Azania is the name that has been applied to various parts of sub-Saharan Africa since ancient times. For instance, in Roman times -- and perhaps earlier -- the name referred to a portion of the Southeast African coast south of the Horn of Africa, extending south perhaps as far as modern Tanzania. Among the writers who refer to it are Pliny the Elder, Claudius Ptolemy and Cosmas Indicopleustes.
In the late 20th century, the term was used in place of "South Africa" by some opponents of the white-minority rule of that country.
Use of Azania in South Africa
Though there are records of the term being used in the 1930, in connection with early excavations, the use of Azania in a political context appeared in 1958, when the name was proposed as a replacement name for South Africa, at the All-African Peoples' Conference hosted in Accra, Ghana by Kwame Nkrumah.
The modern-day use of Azania as an alternative name for South Africa among revolutionary Black African nationalists only began to become popular from about 1979, when it began to appear in the names of groups such as the Azanian People's Organisation, the Pan Africanist Congress of Azania (PAC) and the Socialist Party of Azania.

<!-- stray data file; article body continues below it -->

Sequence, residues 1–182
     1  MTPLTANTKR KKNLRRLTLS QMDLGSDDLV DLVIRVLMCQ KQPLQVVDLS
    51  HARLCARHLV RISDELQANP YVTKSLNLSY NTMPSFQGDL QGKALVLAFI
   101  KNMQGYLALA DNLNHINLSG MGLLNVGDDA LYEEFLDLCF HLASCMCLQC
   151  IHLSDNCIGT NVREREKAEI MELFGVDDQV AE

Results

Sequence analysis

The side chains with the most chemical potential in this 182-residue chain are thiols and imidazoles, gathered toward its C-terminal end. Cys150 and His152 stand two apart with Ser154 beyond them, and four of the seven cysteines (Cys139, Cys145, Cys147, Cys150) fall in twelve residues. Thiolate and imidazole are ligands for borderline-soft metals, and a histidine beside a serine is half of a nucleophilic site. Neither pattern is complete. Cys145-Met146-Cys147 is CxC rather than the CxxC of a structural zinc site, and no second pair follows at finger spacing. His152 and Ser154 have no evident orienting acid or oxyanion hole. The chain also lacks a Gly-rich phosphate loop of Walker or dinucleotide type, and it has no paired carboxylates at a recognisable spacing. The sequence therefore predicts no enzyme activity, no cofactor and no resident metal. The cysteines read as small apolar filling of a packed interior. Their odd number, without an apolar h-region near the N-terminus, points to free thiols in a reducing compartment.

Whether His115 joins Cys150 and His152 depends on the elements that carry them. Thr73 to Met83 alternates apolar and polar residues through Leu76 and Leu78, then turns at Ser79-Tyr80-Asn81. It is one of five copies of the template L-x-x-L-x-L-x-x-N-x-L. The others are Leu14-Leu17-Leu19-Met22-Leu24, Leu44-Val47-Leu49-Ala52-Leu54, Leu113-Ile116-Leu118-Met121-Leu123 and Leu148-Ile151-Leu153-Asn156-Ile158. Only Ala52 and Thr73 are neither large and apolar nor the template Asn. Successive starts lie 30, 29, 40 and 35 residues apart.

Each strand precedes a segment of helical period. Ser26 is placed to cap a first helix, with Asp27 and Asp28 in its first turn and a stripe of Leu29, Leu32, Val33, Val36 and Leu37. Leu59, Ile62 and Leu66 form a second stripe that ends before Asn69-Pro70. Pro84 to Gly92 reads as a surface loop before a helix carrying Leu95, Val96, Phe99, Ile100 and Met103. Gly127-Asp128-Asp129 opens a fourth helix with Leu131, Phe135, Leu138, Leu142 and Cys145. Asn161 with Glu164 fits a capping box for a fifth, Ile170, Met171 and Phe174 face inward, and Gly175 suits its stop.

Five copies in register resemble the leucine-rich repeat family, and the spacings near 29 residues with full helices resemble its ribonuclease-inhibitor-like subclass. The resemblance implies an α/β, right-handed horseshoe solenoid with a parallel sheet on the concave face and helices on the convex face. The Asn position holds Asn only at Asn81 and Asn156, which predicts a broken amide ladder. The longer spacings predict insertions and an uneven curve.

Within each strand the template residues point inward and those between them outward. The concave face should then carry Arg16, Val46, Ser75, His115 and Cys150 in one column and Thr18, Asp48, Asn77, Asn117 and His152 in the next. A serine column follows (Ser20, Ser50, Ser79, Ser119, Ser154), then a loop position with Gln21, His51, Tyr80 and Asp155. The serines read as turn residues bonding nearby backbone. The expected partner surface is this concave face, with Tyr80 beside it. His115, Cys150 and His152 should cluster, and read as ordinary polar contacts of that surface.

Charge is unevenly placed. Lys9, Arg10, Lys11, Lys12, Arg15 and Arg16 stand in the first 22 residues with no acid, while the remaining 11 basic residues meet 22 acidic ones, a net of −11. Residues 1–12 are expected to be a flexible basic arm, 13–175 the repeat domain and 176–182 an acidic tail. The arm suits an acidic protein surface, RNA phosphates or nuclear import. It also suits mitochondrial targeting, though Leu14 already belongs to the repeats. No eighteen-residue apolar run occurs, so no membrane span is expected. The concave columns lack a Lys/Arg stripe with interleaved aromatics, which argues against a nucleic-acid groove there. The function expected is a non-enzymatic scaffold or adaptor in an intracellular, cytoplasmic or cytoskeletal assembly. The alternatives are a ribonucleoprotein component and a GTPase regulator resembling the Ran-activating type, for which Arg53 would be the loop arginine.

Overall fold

At the time of the 1994 multi-racial elections, some people again proposed "Azania" as an alternative official name for the country, but this never received widespread support - reflecting the overwhelming ANC electoral victory and the PAC's marginalization.
In the period when Apartheid South Africa had diplomatic relations with the Republic of China on Taiwan, the People's Republic of China officially apparently also referred to South Africa as "Azania".
Wikipedia entry on Azania: http://en.wikipedia.org/wiki/Azania.
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